Santee Experimental Forest Celebrates 75-Year Anniversary
April 12, 2012
Charleston, SC — Today the Santee Experimental Forest (the Santee), outside of Charleston, SC, celebrated 75 years of research on the restoration and sustainable management of coastal plain forests. The Santee is the site of continuous research since 1937. The 6,100-acre forest research site is one of 80 experimental forests distributed across the country, and is the only experimental forest in the Atlantic Coastal Plain of the southeastern United States.
Today’s celebration highlighted the important contributions of Santee-based research to the management of pine and hardwood forests, prescribed fire, watershed management, wetland ecology, and wildlife management. Joining the 150 partners, university dignitaries, and policy makers for the Santee anniversary celebration was Dr. James B. Edwards, former Governor of South Carolina and Secretary of the U.S. Department of Energy.
The Santee, located north of Charleston on the Francis Marion National Forest, is part of the USDA Forest Service’s Southern Research Station (SRS), which is headquartered in Asheville, NC. The experimental forest includes all the major forest types of the southeastern Atlantic Coastal Plain, providing excellent opportunities to conduct research on forest management and soils and water quality and quantity research. Its four watersheds deliver critical information about stream flow, groundwater level, and precipitation in one of the largest undeveloped tracts in the region. The proximity of the Santee to the ocean and to a major expanding urban area makes it unique among experimental forests as a site where scientists can study sea level rise and continued water quality for Berkeley county residents and beyond.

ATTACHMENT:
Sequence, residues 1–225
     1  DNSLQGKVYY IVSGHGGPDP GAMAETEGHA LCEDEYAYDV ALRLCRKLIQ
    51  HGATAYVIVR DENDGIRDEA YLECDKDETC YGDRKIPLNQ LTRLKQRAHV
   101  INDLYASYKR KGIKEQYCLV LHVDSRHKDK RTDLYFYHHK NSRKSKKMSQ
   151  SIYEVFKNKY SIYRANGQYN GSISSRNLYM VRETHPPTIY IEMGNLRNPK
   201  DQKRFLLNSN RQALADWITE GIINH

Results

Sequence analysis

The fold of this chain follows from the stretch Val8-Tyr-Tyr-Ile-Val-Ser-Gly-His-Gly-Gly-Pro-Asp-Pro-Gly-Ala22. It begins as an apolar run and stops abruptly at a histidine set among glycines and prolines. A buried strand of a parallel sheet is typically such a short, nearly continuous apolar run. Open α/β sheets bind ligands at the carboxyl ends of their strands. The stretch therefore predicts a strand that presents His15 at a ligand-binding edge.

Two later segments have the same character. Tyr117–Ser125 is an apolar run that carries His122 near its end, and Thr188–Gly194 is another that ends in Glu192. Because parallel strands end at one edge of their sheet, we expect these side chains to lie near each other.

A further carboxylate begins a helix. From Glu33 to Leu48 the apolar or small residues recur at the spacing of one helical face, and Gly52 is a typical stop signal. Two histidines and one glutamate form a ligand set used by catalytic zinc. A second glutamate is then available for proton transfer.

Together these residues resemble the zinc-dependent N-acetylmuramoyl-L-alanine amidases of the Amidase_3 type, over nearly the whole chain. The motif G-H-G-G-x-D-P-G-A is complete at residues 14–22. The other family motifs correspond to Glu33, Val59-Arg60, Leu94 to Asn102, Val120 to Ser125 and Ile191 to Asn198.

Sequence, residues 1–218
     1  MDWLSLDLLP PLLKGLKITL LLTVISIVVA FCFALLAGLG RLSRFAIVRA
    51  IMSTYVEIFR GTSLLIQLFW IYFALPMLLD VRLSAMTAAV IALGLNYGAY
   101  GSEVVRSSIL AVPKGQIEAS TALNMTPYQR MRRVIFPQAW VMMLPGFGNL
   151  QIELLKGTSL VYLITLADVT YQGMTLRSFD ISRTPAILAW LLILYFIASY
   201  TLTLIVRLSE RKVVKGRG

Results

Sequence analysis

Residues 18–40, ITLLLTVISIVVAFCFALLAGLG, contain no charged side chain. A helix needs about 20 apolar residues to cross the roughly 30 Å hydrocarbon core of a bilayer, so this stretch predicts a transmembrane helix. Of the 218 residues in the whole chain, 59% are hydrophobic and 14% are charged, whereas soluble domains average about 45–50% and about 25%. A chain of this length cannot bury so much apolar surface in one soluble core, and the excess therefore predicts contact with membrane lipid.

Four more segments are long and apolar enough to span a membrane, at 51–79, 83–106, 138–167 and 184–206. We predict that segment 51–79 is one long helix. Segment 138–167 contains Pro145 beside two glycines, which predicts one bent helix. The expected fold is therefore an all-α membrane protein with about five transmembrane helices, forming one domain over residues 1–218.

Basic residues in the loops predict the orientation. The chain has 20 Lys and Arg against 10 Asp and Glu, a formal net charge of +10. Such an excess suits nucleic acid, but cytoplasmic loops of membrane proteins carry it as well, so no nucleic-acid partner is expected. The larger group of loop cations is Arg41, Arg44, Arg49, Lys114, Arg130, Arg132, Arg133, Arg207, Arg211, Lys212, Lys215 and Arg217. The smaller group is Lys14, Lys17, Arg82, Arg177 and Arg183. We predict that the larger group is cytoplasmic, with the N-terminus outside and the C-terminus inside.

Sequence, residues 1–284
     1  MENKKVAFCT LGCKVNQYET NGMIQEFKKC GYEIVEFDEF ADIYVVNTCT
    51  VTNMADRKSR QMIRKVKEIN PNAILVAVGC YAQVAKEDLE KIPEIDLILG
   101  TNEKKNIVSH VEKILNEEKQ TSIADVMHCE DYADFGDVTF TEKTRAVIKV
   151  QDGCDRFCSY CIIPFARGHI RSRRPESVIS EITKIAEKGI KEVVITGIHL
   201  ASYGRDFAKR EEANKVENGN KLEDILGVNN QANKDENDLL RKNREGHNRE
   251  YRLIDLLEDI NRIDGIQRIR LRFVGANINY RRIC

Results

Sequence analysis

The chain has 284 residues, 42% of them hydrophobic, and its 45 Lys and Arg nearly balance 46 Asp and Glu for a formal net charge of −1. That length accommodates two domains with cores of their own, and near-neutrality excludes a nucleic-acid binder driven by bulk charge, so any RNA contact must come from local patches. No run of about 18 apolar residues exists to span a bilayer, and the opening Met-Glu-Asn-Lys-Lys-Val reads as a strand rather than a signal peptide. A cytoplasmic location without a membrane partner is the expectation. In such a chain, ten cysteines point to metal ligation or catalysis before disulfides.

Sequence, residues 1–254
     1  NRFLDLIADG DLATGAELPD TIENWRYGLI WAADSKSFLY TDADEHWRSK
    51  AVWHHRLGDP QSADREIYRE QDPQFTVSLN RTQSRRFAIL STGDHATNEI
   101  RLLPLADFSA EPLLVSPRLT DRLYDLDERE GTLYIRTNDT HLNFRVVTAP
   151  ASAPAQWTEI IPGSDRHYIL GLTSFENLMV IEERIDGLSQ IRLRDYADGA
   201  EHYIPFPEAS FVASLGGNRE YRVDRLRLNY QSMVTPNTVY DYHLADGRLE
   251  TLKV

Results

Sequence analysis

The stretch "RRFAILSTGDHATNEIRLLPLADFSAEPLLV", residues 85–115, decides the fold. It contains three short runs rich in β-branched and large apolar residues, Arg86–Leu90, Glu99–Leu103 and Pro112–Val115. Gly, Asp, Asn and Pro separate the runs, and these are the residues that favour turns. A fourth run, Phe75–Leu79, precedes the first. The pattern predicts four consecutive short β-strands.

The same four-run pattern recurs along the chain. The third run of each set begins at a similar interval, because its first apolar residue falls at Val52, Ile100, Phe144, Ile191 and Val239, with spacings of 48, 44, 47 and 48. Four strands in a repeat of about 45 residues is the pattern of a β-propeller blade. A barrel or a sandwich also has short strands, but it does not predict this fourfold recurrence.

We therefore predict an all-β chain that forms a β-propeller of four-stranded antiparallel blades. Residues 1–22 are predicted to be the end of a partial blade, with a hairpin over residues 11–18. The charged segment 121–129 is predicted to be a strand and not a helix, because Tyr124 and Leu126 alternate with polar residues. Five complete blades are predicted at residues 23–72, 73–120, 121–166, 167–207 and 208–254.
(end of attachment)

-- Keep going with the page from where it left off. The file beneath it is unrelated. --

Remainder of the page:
“The Santee and its counterparts in other states address natural resource issues facing the country, including changing weather patterns, the role of forest in carbon cycling, and the development of forest management practices to provide biomass for energy and ensure fresh water resources,” Rob Doudrick, SRS Director, said. “Today was a great day to celebrate all that we have learned and will continue to learn from the Santee Experimental Forest.”
Experimental forests like the Santee make it possible for the USDA Forest Service to understand the impacts of urbanization, changing and extreme weather patterns, and invasive species for example have on forests, watersheds, and wildlife habitat over time. Long-term research projects are critical since most changes on the landscape occur over a period of time and the relative impacts are not readily understood immediately.
Learn more about the history and research conducted on the Santee Experimental Forest at www.srs.fs.usda.gov/charleston/santeeexperimentalforest/index.html